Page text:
Monday, February 26, 2024

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Comparative analysis of the reinsurance captive frameworks in France and Luxembourg

François Messner, Senior Manager at EY Luxembourg, Business Tax Advisory
Hicham Mazouz, Partner at EY Luxembourg, Audit – Financial Services

After the French government passed legislation at the end of 2022 which paved the way for a new captive regulatory regime, in June 2023 further details were published concerning the equalisation provision available to reinsurance captives established in the country. EY’s Hicham Mazouz and François Messner examine the differences between the French and Luxembourg captive regulatory environments and, in particular, the respective equalisation provisions.

The captive reinsurance market has long been on the lookout for the introduction of a dedicated French regulatory framework, with the legitimate fears it could raise for the reinsurance captive market in Luxembourg.

After several delays, the French legislator finally introduced a new regulatory system in 2023 tailored for the reinsurance captive and inspired by the regulatory framework in Luxembourg.

Up until early 2023 when the new regulatory system was introduced, there were not more than a dozen reinsurance captives domiciled in France. Even so, the jurisdiction is now keen to create an environment conducive to the repatriation of reinsurance captives belonging to French groups and domiciled abroad.

The idea was that the regulatory system should also provide a risk management solution to other groups, helping them navigate the challenges of rising insurance costs, coverage limits or risks that are increasingly difficult to insure.

In this article, we will delve into the key distinctions between the French and Luxembourg regulatory frameworks for reinsurance captives and whether they spell the end for the French captive market in Luxembourg.



Luxembourg – a hub for reinsurance captives

With around 200 active reinsurance entities, Luxembourg is undoubtedly a preferred jurisdiction for the domiciliation of reinsurance captives, for a few reasons: the stable economy, regulatory and tax environment, a rich ecosystem and regulatory constraints that are tailored to the complexity of reinsurance captives.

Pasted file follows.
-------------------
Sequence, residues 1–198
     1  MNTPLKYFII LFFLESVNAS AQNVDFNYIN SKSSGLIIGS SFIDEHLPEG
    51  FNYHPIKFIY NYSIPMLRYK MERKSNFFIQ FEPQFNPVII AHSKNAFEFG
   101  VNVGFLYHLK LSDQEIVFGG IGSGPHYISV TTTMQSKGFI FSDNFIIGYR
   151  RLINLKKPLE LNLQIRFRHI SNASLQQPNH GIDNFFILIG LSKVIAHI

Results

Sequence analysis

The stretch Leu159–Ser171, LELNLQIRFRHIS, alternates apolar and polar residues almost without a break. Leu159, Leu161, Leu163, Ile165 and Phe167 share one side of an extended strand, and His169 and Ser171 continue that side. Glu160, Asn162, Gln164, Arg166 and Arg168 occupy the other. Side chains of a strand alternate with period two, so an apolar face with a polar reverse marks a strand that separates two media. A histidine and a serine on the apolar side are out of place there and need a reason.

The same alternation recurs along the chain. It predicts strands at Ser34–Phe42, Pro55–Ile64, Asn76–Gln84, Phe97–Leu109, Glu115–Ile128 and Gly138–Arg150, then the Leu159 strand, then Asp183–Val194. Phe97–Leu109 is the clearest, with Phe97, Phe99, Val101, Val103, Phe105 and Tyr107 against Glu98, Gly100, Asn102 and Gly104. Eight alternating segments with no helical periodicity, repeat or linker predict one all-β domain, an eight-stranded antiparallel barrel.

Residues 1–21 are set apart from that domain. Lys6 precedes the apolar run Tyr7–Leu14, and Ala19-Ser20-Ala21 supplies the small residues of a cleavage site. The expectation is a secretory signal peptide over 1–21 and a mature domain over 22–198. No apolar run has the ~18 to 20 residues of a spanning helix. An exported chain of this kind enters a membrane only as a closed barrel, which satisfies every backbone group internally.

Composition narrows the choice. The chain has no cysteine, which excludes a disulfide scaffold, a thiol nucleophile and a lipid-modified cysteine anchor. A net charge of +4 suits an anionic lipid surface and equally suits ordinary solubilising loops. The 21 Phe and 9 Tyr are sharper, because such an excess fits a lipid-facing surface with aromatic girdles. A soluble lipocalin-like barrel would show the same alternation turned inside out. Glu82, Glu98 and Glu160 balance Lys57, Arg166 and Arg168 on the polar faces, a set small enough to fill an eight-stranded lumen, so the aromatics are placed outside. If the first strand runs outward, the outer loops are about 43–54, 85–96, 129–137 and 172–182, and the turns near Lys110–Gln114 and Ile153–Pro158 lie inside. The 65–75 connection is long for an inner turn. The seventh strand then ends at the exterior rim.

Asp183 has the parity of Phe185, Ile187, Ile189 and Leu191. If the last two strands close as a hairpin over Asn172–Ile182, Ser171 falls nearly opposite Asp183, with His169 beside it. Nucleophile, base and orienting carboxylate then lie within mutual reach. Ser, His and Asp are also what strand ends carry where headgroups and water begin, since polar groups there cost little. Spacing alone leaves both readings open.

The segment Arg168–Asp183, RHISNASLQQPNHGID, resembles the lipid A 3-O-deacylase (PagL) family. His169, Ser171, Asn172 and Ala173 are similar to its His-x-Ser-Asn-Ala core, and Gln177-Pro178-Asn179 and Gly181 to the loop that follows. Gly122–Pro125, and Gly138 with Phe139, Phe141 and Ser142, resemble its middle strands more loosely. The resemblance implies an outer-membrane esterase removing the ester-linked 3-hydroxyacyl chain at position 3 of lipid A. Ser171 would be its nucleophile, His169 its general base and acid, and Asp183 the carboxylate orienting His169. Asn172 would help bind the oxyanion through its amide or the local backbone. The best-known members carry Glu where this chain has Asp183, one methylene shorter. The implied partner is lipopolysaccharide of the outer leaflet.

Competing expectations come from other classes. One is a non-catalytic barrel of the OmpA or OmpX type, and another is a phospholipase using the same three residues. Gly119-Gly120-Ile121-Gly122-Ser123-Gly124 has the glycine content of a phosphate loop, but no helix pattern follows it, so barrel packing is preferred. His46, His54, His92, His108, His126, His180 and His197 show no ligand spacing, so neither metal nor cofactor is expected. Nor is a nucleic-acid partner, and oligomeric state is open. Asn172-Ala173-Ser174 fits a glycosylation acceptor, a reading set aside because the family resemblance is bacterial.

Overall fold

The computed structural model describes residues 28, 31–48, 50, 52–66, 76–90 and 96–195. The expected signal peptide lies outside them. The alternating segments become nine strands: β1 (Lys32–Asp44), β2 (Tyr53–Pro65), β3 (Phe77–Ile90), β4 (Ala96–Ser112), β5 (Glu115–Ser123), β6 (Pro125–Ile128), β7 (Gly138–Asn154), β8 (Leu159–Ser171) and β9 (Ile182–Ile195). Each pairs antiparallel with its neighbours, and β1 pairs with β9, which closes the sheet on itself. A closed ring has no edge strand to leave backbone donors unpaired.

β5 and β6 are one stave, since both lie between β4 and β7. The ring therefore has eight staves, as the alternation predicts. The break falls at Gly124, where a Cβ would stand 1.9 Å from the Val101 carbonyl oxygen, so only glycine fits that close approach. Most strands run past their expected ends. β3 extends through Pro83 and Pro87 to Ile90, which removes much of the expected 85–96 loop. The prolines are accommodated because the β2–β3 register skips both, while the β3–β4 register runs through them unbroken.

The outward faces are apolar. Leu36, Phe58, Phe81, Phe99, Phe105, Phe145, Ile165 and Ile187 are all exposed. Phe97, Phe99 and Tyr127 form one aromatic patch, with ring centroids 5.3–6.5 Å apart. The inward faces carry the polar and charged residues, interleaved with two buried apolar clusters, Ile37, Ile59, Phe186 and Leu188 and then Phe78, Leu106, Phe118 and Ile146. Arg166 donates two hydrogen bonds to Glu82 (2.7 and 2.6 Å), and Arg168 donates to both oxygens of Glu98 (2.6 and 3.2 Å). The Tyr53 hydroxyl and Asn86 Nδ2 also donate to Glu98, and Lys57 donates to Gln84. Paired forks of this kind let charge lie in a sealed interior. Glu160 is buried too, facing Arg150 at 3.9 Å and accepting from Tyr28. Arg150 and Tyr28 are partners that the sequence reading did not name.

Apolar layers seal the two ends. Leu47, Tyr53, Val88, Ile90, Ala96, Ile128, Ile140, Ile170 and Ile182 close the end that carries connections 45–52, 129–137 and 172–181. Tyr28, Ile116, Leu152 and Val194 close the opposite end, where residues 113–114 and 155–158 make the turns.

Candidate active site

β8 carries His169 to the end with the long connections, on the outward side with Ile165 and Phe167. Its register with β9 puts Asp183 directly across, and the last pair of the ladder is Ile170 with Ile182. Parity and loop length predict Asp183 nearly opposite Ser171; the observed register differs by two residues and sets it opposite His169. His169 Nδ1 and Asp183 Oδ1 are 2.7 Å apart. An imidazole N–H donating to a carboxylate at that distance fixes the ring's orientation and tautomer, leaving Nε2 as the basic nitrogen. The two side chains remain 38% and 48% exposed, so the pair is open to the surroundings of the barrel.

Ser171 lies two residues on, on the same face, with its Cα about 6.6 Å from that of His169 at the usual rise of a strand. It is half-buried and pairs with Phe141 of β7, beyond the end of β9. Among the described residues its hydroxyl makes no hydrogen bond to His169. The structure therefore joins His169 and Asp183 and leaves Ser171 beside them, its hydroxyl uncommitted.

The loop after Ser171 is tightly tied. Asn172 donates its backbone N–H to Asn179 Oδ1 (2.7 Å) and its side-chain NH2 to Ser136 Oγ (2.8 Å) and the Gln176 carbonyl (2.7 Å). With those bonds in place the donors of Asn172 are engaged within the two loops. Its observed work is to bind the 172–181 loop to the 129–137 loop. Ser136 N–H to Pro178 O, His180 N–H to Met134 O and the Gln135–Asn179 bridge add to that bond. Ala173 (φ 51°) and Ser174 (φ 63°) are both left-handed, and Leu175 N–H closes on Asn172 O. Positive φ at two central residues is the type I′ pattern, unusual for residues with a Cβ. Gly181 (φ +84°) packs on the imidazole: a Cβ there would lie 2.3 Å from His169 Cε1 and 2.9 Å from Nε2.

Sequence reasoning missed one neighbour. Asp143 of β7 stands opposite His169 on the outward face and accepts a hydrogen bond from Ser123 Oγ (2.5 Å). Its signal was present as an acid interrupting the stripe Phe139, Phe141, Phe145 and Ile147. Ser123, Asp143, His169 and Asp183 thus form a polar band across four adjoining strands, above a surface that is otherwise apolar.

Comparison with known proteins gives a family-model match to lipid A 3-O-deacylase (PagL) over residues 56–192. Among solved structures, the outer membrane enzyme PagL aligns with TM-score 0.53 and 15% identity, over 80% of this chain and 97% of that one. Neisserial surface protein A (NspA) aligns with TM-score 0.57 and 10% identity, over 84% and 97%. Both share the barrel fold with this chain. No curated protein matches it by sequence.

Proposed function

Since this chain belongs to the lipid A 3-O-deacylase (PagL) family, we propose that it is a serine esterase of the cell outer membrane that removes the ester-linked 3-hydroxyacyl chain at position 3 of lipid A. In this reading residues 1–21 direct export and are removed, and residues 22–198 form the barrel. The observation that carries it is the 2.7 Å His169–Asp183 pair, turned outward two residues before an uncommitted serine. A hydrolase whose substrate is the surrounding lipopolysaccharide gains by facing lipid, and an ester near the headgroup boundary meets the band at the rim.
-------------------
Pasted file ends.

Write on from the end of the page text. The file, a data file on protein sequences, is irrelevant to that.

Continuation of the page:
All those factors have enabled the growth of the Luxembourg captive market over the past decades.

The French reinsurance framework and its implication

The French Finance Law of 2023 (Law No. 2022-1726), as implemented by the Decree 2023-449 of June 7, 2023, authorises reinsurance captives to recognise a tax-free provision called the “resilience provision”.

However, this provision is only available to captives belonging to a non-financial group and is limited to a specific number of risks listed in Article A. 344-2 of the French Insurance Code, which includes damage to professional and agricultural assets, natural disasters, general civil liability, pecuniary losses, damages and pecuniary losses resulting from cyberattacks and disruptions to information and communication systems, and transportation.

In addition, annual allocations to the resilience provision are limited to 90% of the technical result or 10 times the required minimum capital.

The provision must also be allocated, following the ageing of the annual allocations, to the overall compensation of the negative balance in the technical income statement that may arise in subsequent years for all corresponding risks.

Unutilized annual allocations within 15 years will be added back to the taxable profit in the sixteenth year after their recognition.